Matthew Sweet: Happy at Home

May 1, 2004 12:00 PM, By Craig Dalton


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Tucked away in the Hollywood Hills, surrounded by the sites of countless hit movie location shoots, is the home and personal studio of Matthew Sweet. Prolific crafter of acclaimed and successful albums such as Girlfriend and Altered Beast, along with being one-third of The Thorns, Sweet's warm, distortion-drenched guitars, lyrical voice and rock-pop songwriting talents have been a part of radio, film and concert tours since the mid-'80s. Having worked with top-level production vets such as Richard Dashut (Fleetwood Mac), Brendan O'Brien (Aerosmith, Train and Bruce Springsteen) and Fred Maher (Lou Reed, Korn), Sweet now has all of the knowledge needed to create new songs in his own Pro Tools|HD3 — centered personal studio.

“I was always doing a lot of home recording,” says Sweet. “For me, it was kind of how I got into writing songs.” Surrounded by a growing collection of '60s art (he and wife Lisa are in the middle of writing a book on the subject), Sweet has created an inspiring environment that perfectly fits his musical history. With a great selection of vintage amps, original Electro-Harmonix processors, classic keyboards and an eclectic selection of guitars, there is no lack of unusual equipment. Taking a look into the small room that houses his drum setup, Sweet says that the lack of acoustic treatment and angles of the room help him track some “crazy, trashy drum sounds.” All other tracking is done directly in the main room, which also houses his amps, keyboards and recording gear.

Sweet uses an Apple G4 OS X for his HD system and a Yamaha 02R for stereo playback through Event powered monitors. “We used Pro Tools for a few mixing things on Girlfriend [1991], my first breakthrough record, even though it's thought of as a real analog record. We used it to sequence the record and do little backward things; just the stereo [version] was available then. HD made me think I could make a record at home, and — even though it's funky because I engineered it and everything — it would be viable.” Although Sweet often uses plug-ins such as the McDSP Filter Bank (“I can't say enough good things about it”), Chrome Tone and some of the Bomb Factory Pultec and Fairchilds, his basic technique also involves Tube-Tech, Neve 1066 and Ampex tube mixers in the input signal chain for instruments. He adds, however, “The beauty of Pro Tools is that you aren't stuck with one sound going in; you can change the plug-ins anytime.”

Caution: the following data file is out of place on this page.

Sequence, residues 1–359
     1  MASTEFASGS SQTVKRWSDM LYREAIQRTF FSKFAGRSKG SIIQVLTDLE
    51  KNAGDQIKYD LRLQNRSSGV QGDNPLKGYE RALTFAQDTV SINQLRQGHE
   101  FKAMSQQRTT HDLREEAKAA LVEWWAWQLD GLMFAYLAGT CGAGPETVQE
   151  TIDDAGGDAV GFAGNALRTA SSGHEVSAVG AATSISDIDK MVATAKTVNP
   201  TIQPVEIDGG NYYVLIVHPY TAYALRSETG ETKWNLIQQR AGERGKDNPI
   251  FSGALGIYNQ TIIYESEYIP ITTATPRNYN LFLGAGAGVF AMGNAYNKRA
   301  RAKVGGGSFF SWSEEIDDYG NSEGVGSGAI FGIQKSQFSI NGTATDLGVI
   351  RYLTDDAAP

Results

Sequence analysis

Sweet doesn't see the need for bringing in outside engineers, but confides that most engineers would be aghast at his setup, although it works best for him. He credits Maher with helping him learn Pro Tools. Playing most of the instruments himself, and using some longtime accomplices such as guitarist Greg Leisz and drummer Ric Menck, Sweet doesn't need to track using a lot of different inputs. “Mike Clark from Southern Tracks [O'Brien's Atlanta facility] has been incredibly helpful to me,” he adds. Clark advised Sweet on what serious gear to obtain and helped him choose some of his classic mics, including a Neumann U49 that he uses for both drums and vocals. Other microphones include a Lawson M51 for “all kinds of things” and a selection of various Shure and Sennheisers. He records his guitars by miking amps and going direct to get “that nice Lindsay Buckingham sound.”

Like Buckingham, Sweet prides himself on his self-reliance; in fact, he views it as essential in the current musical climate. “The fact that you can do [production, marketing and distribution] yourself makes for more chance of success. There is so much more out there that is not being covered well by the majors. It feels like there is kind of a critical mass of stuff waiting to happen.”

Although he's still able to go to the majors for new projects, Sweet is exploring different release routes for his two completed personal studio projects. Kimi Ga Suki, which he describes as a “love letter to Japan,” has been in limited release there through a Japanese distributor and in the U.S. on Also coming soon is Living Things, which includes keyboard contributions from the legendary Van Dyke Parks. Both of these new collections should be available in wider distribution this summer and perhaps supported by a tour.

“In a way, for me, the art of doing music is really a lot about the home demo studio,” Sweet offers. “Early on in my career, and even in the middle of my career, friends who I know really well have always kind of liked my demos better [than the finished albums]. Even with the successful records, there's something about the demos; they're just more personal, they're a little more artistic. They just have that ‘painter on his own’ kind of thing about them.”

Craig Dalton is a Chicago-based freelance writer. Contact him at

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